He's certainly crammed a lot in here ... all of late-1950s Japan is here! And that's too much ... why do we need the German with the koans
? And the eta
trading in stolen dogs? And that film director who used to go with American sailors? And the angry young rightist blowing up corrupt industrialists? I'm all in favour of a bit of local flavour ... but too much, Francis, too much! And the white people do moan
so much ... and yet a Japanese rainy season is
Did the story work? The diary/third-person narrative combo was a bit weird. And the ending seemed fairly ... flat. But great fun!
Some bits I liked:
"I have often caught myself seeking advice which I don't need from people incompetent to give it, merely out of motives of flattery"
"I hastened to help. 'Thank you' then came out in feeble little gasps as though it were beyond her overtaxed strength to say it properly."
"'Tell me, Setsuko, about your work with the Americans. I think you must have had a bad time. You seem to dislike them so. Or did you come to dislike them when you were at Vassar?'
'I don't dislike them,' she retorted sharply. 'It's hard to dislike children.'"
"Japanese 'politeness' has as little connection with consideration for others as Japanese cleanliness has with hygiene: both are ritualistic."
"and her scab-like mouth had fallen in over two or three teeth which were revealed, like burned matches, when time from time she gave a susurrating cough."
"'And you have wife, sir?'
I shook my head.
'But you are forty-four.' At first he was bewildered; then comprehension came to him. 'Ah, I understand. I understand! You are a gay.'
'A gay. Excuse – this is Amelican expression. A gay, a sodomite. You like sister-boy?'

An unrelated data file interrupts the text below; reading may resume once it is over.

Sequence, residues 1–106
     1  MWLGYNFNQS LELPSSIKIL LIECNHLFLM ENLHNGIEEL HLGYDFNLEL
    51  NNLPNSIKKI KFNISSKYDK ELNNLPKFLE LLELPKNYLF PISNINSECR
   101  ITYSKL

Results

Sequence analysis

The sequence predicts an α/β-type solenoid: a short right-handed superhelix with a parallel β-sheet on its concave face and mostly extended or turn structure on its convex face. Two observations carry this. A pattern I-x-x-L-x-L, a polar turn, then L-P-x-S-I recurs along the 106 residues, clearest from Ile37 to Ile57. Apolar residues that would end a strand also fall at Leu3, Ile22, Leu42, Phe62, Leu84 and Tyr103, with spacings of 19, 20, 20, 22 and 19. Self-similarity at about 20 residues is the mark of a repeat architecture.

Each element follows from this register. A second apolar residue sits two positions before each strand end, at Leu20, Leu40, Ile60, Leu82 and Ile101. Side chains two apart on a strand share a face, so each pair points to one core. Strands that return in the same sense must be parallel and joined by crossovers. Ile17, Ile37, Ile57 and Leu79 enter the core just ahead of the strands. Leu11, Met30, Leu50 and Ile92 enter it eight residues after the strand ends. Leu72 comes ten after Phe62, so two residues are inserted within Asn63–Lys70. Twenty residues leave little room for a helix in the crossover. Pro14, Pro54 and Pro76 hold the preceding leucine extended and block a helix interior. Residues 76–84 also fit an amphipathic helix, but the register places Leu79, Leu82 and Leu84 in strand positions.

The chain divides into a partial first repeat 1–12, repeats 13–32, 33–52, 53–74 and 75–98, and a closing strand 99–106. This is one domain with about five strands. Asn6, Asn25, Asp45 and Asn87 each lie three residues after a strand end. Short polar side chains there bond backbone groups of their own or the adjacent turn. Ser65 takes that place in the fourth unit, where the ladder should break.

'Many foreigners in Japan are sodomists. I think thlee years ago that may be I am a gay. I go with foreigners I meet at bar in Osaka, but they say I am not leally intelested. One Amelican sailor hit me, hit me very much, afterwards. Maybe he not preased because I not leally intelested.'"
"the tiny mouth which actually seemed to masticate the prayers in which she insisted on joining aloud."
"Who would have thought that he would commit such an action? was my first amazed reaction, followed by: But I did half think it! (Just as, at night, I used to wake mysterious thuddings and scratchings overhead and murmur to myself 'Rats'; but never actually believed in their existence in the house until one scuttled across my bedroom in the light of day."
"At the most there's a change, and there are times when a change, any change, is better than lying still. If you're in agony in one position, you don't bother to think whether another position will be equally agonizing. You move; and the act of moving is in itself a temporary relief."
"The gossips would be wrong to say that there was ' something' between him and the girl; but was he right to assert that there was nothing between them?"
"perhaps with a Japanese woman of her generation it was impossible for any foreign woman of Colethorpe's generation to establish any intimacy. It was now nearly three months that they had seen each other daily under the same roof and the period might have been three hours."
"'You don't do things here because your conscience or your heart or even something lower than your heart tells you to do them. You do them because other have done them – and are doing them – and will go on doing them.'"
"'There must be a cat somewhere. Cats always make me sneeze.'
'Perhaps someone is wearing one.'"
"'Women have a way of crediting people with the worst kind of behaviour and yet not really thinking any less of them for it.'"
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